Housing Crisis

Community Raises Need for More Affordable Housing in Excelsior District

The proposed development at 65 Ocean Ave would replace the Little Bear Preschool.

Original community journalism takes money, time and hard work. You can now support the Light on Patreon. Visit www.patreon.com/ielight to sign up.

Some 50 community members attended the Communities United for Health and Justice’s monthly District 11 housing justice meeting on Aug. 21 to listen to a presentation from developers of a large mix-used project at 65 Ocean Ave.

The proposed 133-unit building sits at the corner of Ocean Avenue and Alemany Boulevard and currently houses preschool Little Bear School.

“Our architectural team has been working very hard over the last six months,” said Cyrus Sanandaji of Presidio Bay Ventures as he showed revised plans for the building’s exterior, including a new garage entrance on Ocean Avenue. “We’ve been meeting with all the stakeholders to ensure this is a community-driven process.”

But explanation of metal railings, public art and color palettes was cut short by the crowd.

“None of this matters — the design,” said Father John Jimenez, of St. Charles Borromeo parish on South Van Ness Avenue. “We care about affordability.”

His working-class congregation, many of them janitors and domestic workers, would not be likely able to afford the market-rate units, Jimenez said.

“Your building is nice, but it reminds me of a lot of other buildings I see down in South of Market, and all over the city,” said lifelong neighborhood resident Gilbert Williams of Alliance of Californians for Community Empowerment. “It reminds me of what’s taking place everywhere, and that is gentrification: pushing out poorer people who can’t afford your beautiful building.”

“It doesn’t look like anything in our neighborhood — that’s the first problem,”

Williams added. “The second is: How many affordable units are there going to be? Is it going to raise up the rest of the rents in the neighborhood?”

That a large market-rate development would encourage gentrification was a repeated concern, and similar questions drew applause.

Many expressed confusion over the affordable unit requirements and inclusionary housing based on San Francisco’s ever-climbing area median income (AMI), with one community member saying he’d read in the Light that a six-figure salary was needed to apply for affordable housing.

The Mayor’s Office of Housing and Community Development bases its grid off of an average income of $80,700 — a citywide median bolstered by an influx of extremely wealthy residents.

For all future approved market rate projects over 10 units, the affordable housing breakdown is: Ten percent of units reserved for renters making up to 55 percent of the AMI; 4 percent of units reserved for 80 percent of the AMI; and 4 percent of units reserved for 110 percent of the AMI.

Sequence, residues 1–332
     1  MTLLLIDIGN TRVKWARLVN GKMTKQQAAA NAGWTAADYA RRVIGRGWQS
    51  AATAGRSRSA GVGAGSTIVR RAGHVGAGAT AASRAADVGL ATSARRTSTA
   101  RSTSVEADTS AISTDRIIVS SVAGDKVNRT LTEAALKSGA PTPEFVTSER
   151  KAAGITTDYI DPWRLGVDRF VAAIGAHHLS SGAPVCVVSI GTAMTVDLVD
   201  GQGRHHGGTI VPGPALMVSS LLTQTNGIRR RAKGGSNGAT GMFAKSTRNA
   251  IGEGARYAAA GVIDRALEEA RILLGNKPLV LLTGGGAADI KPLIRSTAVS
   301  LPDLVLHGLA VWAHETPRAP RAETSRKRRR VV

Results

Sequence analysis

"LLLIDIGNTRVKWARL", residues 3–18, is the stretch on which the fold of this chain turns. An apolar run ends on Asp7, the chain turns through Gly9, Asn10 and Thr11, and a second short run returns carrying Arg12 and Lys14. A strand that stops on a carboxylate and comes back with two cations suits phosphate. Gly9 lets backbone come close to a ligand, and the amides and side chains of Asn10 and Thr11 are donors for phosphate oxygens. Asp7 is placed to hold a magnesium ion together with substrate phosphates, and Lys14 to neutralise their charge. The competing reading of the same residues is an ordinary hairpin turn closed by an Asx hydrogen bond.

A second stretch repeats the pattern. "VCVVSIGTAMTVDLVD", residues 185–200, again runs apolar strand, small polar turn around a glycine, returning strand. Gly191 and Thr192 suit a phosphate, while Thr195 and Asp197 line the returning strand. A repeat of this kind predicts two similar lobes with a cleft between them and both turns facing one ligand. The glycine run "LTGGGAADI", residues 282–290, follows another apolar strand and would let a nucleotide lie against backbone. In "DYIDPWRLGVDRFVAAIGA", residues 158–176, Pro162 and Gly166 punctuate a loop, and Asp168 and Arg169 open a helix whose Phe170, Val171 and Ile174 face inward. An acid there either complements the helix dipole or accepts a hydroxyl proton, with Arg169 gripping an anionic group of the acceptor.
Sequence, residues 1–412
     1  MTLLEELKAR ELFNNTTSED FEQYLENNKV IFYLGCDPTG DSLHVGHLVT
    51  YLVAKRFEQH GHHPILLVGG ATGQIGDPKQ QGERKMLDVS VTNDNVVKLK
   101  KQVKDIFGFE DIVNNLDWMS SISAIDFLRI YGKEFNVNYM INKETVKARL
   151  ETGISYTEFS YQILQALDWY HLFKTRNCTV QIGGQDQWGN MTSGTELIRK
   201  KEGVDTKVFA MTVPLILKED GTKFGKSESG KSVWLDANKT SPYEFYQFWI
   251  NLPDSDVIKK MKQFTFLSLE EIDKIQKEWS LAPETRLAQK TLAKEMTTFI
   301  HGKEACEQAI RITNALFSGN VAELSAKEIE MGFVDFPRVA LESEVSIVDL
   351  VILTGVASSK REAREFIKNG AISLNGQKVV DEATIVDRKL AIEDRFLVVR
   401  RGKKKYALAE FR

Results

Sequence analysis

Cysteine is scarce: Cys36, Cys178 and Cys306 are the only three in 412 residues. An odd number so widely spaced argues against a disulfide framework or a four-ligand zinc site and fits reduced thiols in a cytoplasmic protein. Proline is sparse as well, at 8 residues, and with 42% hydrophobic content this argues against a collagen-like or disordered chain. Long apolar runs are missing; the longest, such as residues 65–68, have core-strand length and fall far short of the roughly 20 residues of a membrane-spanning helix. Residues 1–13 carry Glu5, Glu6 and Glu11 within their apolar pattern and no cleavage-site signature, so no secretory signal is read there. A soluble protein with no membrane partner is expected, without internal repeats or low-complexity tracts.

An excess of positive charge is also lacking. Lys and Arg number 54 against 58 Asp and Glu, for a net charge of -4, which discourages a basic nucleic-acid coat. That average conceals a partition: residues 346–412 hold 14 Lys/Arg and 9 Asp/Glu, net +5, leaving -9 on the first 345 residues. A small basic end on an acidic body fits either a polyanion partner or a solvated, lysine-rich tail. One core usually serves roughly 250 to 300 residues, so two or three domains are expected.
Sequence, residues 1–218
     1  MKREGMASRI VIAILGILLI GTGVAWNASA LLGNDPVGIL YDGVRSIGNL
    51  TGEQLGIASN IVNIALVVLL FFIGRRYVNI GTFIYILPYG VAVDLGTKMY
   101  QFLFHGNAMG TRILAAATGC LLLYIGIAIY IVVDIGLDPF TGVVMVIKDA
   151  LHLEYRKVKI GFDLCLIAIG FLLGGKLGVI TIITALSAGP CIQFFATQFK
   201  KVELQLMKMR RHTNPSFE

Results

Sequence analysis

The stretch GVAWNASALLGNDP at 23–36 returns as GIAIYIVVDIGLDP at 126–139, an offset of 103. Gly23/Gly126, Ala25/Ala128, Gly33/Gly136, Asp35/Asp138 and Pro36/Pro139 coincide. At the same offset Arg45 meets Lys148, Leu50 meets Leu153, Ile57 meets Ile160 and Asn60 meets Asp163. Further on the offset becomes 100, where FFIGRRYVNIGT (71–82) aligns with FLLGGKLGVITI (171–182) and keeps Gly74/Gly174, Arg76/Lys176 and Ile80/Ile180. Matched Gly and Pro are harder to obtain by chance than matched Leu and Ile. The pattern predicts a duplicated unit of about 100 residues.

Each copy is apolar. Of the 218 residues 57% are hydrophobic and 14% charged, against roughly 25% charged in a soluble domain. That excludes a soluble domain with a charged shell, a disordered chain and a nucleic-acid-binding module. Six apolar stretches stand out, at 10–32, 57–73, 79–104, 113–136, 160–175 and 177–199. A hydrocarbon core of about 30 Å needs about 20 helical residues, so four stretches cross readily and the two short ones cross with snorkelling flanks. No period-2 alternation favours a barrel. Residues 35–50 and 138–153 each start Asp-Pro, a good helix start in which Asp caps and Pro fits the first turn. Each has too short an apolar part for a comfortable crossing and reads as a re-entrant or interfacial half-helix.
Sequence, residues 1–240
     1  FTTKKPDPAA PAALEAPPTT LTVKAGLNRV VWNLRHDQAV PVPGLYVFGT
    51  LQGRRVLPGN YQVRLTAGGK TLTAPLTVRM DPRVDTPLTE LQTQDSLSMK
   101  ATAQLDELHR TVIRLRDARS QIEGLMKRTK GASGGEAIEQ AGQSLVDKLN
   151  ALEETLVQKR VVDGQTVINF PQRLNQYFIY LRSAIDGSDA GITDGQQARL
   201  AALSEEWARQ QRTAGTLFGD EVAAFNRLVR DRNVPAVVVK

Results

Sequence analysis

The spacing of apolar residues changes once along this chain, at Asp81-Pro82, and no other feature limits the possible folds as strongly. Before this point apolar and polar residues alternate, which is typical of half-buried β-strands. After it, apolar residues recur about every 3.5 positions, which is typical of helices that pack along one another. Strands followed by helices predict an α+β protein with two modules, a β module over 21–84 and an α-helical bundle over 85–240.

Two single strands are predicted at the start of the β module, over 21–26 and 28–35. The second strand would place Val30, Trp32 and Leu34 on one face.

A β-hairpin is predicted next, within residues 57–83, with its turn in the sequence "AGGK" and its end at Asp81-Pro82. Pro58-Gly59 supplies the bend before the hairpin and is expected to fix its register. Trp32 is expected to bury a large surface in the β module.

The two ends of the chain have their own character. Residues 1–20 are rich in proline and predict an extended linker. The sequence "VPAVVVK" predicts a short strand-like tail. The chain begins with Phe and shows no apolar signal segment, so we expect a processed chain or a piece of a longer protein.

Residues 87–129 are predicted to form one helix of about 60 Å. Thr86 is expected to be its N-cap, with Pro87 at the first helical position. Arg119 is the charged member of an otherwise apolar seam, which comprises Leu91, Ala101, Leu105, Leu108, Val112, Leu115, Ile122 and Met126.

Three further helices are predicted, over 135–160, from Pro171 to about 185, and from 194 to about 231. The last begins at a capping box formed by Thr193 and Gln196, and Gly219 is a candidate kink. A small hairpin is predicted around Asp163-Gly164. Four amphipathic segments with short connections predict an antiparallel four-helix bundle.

The Excelsior’s median income is $66,771, according to real estate website Trulia. Some “affordable units” must be rented to people earning more than the median. For instance, a single person earning a yearly $88,750 (over $20,000 more than the Excelsior’s median income) will qualify for four percent of the units at 65 Ocean Ave.

District 11 Supervisor Ahsha Safai supports the new higher income requirements, designed to protect middle-income earners, and advocated for the newly-adopted reduction of mandated affordable units, to 18 percent, a move he said was necessary to encourage housing development. A report from the Controller’s Office supports his claim.

The new requirements are at odds with last year’s Proposition C, which voters overwhelmingly approved. The proposition required developers to designate a quarter of rental units as affordable, with 15 percent of the units reserved for low-income residents.

One frustrated community member said that she’d often been to City Hall, and felt ignored.

“I know you have a supervisor who represents everyone who lives here,” Sanandaji replied, prompting cries of, “He doesn’t represent us!”, “Where is he?” and “Where’s Ahsha?”

Former District 11 Supervisor John Avalos was in attendance, and addressed the crowd briefly in Spanish.

CUHJ meets from 6 – 8 p.m. on the third Monday of each month at Excelsior Works, 5000 Mission St. Food and childcare are provided.

Original community journalism takes money, time and hard work. You can now support the Light on Patreon. Visit www.patreon.com/ielight to sign up.

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